My main concern is that someone told me she couldn't view my website on her phone. I think everything was too small. Which it is if you don't turn your phone sideways and enlarge what you are looking at. If any of you could try that on their phone and let me know if it doesn't work, that would be so helpful. After turning your phone sideways, to make the image rotate 45 degrees, it should be possible to enlarge by spreading your fingers on the screen. Do all phones do this? Or only some?

Monday, March 09, 2020

Caran D'ache Neocolor II Lightfast ratings

Caran D'ache lightfast test in window with southern exposure approximately April to December 2019

I have been playing with the Neocolor II water soluble crayons a little bit. They are fun, and very nice to use. I find them fairly soft and they dissolve easily in water. You can use a wet brush to take some color off the tip of the stick for small bits of color, or scribble all over a page and then apply water in selected areas. Once they have been watered down they don't smear on the paper. A solid crayon mark does smear.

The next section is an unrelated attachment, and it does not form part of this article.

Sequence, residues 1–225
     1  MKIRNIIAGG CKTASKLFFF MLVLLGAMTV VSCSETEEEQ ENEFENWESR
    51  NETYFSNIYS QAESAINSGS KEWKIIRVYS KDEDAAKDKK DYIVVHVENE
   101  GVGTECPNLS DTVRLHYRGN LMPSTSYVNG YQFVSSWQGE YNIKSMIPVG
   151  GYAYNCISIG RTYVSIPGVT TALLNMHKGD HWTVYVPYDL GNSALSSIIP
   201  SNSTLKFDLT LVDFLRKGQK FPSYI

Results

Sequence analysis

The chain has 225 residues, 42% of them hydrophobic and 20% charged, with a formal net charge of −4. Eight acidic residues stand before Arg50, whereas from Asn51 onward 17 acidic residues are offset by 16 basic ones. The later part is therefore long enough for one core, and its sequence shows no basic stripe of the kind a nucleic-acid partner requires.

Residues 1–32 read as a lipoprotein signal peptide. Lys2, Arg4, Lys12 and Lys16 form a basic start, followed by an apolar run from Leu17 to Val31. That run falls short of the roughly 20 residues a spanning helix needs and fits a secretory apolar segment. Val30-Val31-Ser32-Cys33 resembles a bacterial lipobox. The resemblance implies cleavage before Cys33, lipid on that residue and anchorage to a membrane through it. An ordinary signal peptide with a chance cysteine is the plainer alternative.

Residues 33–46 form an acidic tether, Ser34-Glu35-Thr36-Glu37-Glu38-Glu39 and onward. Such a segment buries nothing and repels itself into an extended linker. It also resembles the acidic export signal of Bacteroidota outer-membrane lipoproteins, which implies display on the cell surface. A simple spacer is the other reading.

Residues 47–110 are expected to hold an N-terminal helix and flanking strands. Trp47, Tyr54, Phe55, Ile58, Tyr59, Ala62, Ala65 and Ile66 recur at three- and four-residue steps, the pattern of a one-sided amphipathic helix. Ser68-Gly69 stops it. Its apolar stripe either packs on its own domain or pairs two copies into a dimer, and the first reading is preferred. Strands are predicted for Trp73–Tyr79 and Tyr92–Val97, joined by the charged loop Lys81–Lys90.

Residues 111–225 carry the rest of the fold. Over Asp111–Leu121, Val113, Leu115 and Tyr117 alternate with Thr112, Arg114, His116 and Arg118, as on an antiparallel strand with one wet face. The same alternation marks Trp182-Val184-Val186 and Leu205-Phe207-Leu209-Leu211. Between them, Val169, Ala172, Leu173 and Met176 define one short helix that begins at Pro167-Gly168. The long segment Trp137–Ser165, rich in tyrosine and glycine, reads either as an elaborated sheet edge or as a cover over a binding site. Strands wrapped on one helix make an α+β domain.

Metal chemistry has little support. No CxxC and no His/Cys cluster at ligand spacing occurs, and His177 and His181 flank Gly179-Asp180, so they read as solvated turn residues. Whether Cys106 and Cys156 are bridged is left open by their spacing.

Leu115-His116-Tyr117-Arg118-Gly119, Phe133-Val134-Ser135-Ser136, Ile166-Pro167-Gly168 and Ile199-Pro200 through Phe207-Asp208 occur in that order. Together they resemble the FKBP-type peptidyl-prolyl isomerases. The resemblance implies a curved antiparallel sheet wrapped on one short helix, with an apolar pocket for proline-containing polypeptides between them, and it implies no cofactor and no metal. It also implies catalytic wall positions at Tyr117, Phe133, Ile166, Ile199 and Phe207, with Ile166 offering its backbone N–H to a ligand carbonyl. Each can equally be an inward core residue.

In 2015 the Wild Portrait Artist blog posted this lightfastness chart (scroll down for the chart, which comes from Caran D'ache) and an interesting bit of information. It's the only information I can find online. The chart from Caran D'ache is out of date - some of those colors have been discontinued. And there are some newer ones. I don't have them all, I think there are a total of 84 colors. I got most of mine at Artist's and Craftsman Supply. I can't find a web site for the Portland stores, but here is their Facebook page.

I prefer to do my own tests, using paper I like, in this case Strathmore Imperial watercolor paper. I decided to make a quick test to put in a window with full sun exposure. I scribbled in the top area of the box and used some clean water on a watercolor brush to pull the crayon into the lower part. The right side of each column was covered with a dense paper. The top three rows are colors that are listed as fugitive. Some of those turned out to be pretty lightfast. Unfortunately I forgot to date the test. I am guessing it was in a window with sun or bright light from April to the end of December. I scanned the test on January 1, 2020, a few days after taking it out of the window. I will tell you what I see on the actual test because computer colors are so varied. The image will enlarge if clicked.

Periwinkle Blue has a very slight change, mostly in the watered down area.
Light Olive changed a tiny bit, the watered down area is a tiny bit lighter.